Mortgage rates drop again
Could the 30-year rate fall below 4%? Experts consider the possibility.
This post comes from Marilyn Lewis of MSN Money.
Mortgage interest rates dropped yet again this week.
- Freddie Mac, the quasi-government mortgage company, reported that 30-year fixed-rate mortgages are averaging 4.32% (with an average cost of 0.7 point), down from 4.36% last week -- and from 5.08% this time last year.
- Fifteen-year fixed-rate mortgages dropped to 3.83% (with 0.6 point), down from 3.86% last week and 4.54% last year.
Freddie Mac started tracking the 30-year fixed-rate in 1971 and the 15-year rate in 1991, and the prices this summer have broken every record.
Here's the new question: Could the 30-year fixed mortgage conceivably drop below 4%? It would be something to tell your grandchildren about. The possibility has previously seemed out of the question. But now economists and mortgage experts are discussing it. Post continues after video.
30-year rates below 4%?
The Pittsburgh Tribune-Review asked economists whether they thought we'll see 30-year fixed rates fall into the 3% region:
"I'm not forecasting rates below 4% on 30-year fixed-rate mortgages, but the potential is there," said Robert Dye, senior economist at PNC Financial Services Group in Pittsburgh.
Michael Fratantoni, vice president of research and economics for the Mortgage Bankers Association, told the paper that he, too, thought that lower rates were possible.
Fratantoni said that, with falling rates linked to the poor economy, it's possible the trend could persist for a while.
"It is unclear how low rates may go in this pretty rotten environment," Fratantoni said.
Lawrence Yun, chief economist at the National Association of Realtors, is skeptical that rates will drop a whole lot lower. From the article:
"I was surprised rates have dropped this low, but I expect by next year at this time, they will go higher," said Yun. "Yes, there is a possibility the rates could drop to 4% or lower, but I don't believe that will happen because our economy is recovering and, depending on job creation, that will create upward pressure on rates."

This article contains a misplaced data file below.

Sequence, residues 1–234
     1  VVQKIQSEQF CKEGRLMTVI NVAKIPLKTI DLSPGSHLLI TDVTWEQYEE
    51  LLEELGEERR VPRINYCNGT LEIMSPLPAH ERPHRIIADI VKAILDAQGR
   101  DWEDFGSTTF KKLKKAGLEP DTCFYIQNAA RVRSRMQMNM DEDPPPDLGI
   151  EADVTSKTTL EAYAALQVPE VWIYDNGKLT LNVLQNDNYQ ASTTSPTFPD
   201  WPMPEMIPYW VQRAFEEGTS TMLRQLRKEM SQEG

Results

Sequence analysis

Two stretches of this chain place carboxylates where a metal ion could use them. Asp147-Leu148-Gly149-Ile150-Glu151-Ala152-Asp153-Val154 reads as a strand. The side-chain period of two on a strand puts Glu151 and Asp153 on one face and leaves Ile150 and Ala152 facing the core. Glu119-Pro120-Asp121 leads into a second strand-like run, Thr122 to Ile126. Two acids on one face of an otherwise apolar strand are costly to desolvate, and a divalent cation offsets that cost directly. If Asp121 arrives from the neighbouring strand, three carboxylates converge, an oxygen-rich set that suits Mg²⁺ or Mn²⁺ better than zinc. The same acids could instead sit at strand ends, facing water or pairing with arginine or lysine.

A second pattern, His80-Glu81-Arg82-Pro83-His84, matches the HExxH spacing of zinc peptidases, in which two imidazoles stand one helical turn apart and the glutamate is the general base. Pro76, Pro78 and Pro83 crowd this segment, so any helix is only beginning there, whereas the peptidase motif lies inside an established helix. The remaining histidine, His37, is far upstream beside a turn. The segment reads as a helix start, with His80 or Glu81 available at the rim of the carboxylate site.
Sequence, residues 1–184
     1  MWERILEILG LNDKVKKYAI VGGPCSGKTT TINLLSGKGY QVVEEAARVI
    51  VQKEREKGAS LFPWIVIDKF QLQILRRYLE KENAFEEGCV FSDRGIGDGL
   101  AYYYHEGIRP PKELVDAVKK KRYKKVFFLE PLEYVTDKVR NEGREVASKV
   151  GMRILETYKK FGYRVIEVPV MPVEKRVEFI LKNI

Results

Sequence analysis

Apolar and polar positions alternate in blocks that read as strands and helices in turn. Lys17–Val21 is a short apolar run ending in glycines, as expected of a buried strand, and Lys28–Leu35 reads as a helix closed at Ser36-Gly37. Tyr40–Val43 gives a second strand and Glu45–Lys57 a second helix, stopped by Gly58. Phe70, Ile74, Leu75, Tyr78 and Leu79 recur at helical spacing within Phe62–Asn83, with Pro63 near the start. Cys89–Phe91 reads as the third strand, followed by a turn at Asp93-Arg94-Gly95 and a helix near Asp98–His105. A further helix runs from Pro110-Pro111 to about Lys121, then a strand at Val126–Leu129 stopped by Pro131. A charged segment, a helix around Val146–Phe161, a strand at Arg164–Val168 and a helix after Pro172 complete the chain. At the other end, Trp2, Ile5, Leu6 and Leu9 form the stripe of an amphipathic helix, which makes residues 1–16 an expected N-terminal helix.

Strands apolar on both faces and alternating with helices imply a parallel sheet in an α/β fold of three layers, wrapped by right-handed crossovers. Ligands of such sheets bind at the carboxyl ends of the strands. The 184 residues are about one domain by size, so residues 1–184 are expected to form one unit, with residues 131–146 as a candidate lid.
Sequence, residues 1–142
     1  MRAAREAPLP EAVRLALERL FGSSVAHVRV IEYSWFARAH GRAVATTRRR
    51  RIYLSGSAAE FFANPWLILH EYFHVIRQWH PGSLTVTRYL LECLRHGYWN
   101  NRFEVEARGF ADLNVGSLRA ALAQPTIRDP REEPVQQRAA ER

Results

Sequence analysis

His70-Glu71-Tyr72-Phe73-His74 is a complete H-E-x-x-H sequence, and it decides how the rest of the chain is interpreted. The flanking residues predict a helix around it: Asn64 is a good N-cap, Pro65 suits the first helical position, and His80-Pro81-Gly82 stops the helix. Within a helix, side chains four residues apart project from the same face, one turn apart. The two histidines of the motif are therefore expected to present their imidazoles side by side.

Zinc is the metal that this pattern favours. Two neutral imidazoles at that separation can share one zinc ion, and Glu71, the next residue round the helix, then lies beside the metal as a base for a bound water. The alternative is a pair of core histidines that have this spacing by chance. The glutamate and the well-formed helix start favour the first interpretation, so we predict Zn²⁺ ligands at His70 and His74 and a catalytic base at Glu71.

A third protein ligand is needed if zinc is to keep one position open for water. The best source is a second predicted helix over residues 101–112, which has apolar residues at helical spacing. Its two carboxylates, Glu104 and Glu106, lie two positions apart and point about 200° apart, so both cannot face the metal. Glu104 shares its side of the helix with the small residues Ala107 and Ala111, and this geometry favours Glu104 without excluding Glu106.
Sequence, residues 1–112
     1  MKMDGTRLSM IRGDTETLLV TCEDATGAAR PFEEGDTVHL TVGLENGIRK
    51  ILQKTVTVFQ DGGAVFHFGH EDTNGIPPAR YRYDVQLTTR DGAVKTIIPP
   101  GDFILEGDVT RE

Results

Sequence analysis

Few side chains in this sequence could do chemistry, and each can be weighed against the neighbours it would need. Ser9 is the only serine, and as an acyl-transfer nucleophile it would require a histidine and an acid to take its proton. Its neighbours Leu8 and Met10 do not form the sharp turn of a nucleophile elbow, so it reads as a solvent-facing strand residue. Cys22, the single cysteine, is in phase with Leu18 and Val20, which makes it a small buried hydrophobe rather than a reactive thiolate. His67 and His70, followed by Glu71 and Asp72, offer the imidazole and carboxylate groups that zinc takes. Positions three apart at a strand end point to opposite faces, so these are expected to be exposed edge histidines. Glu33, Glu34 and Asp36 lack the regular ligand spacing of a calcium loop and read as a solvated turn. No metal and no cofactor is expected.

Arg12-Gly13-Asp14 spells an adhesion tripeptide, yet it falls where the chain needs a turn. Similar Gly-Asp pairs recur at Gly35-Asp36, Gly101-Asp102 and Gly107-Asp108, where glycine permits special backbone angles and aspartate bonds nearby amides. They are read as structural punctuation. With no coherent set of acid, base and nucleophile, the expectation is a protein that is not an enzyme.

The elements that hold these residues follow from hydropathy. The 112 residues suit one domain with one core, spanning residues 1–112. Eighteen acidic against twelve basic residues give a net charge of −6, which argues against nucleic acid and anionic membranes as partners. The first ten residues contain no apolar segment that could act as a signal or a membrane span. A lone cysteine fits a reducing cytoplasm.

Each week Bankrate.com surveys experts in the mortgage and banking fields to ask whether they think rates are headed up or down. This week, 52% of the experts say rates will stay the same, 24% think they'll go up and 24% predict they'll drop further.
Jeffrey Steed, president of Schmidt Mortgage Co. and immediate past president of the Ohio Mortgage Bankers Association, told WEWS NewsNet5 in Bay Village, Ohio, that although he doesn't expect rates to fall much further, they'll probably stay this low through the end of the year. "An increase in rates would slow down the economy, and there are no signs that's needed," Steed said.
What's not changed is that, despite historically low rates, few people are buying homes or refinancing mortgages. The reason for that, Steed says, is hoops and hurdles: The rules have grown stricter and the fees higher. The article said:
It's not appraisals that are making refinancing difficult. It's the paperwork. New regulations have doubled loan files, and the price of refinancing is up. Expect to pay between $4,000 to $6,000 unless you have an FHA or VA loan.
Predictions about interest rates are entertaining, but it's worth remembering that they're not worth the paper they're printed on -- make that megapixels these days. Case in point: In early April of this year, Nelson Schwartz, European economics correspondent for The New York Times, predicted that "interest rates have nowhere to go but up." So much for prognosticating experts.
The downside of low rates
Low rates are a cause for celebration among mortgage buyers, but for other reasons -- big picture and small -- they're not a uniformly good thing.
… has been saying for quite some time that the Fed steered us into the ditch and that it's shameful that the same group that got us here is still in the driver's seat. Perpetual overspending and record low interest rates have not only failed to solve our problems, but are the major causes of them.
At the individual level, low rates cause financial havoc for the growing numbers of people entering retirement. Balance Junkie says:
Continued low yields hurt savers, retirees, and pension plans who do not want to invest in riskier assets. In order to maintain an annual investment income of $40 000, you would need to have $2 million invested at a 2% rate of return. If yields were at 5%, you would only need to have $800,000 saved to achieve the same income level.
One thing's for sure: With the itsy-bitsy, incremental changes these days -- remember, the 30-year rate dropped only 0.04 of a percentage point this week, to 4.32% -- it's going to be a very long time before rates fall beneath 4%, if they ever do.
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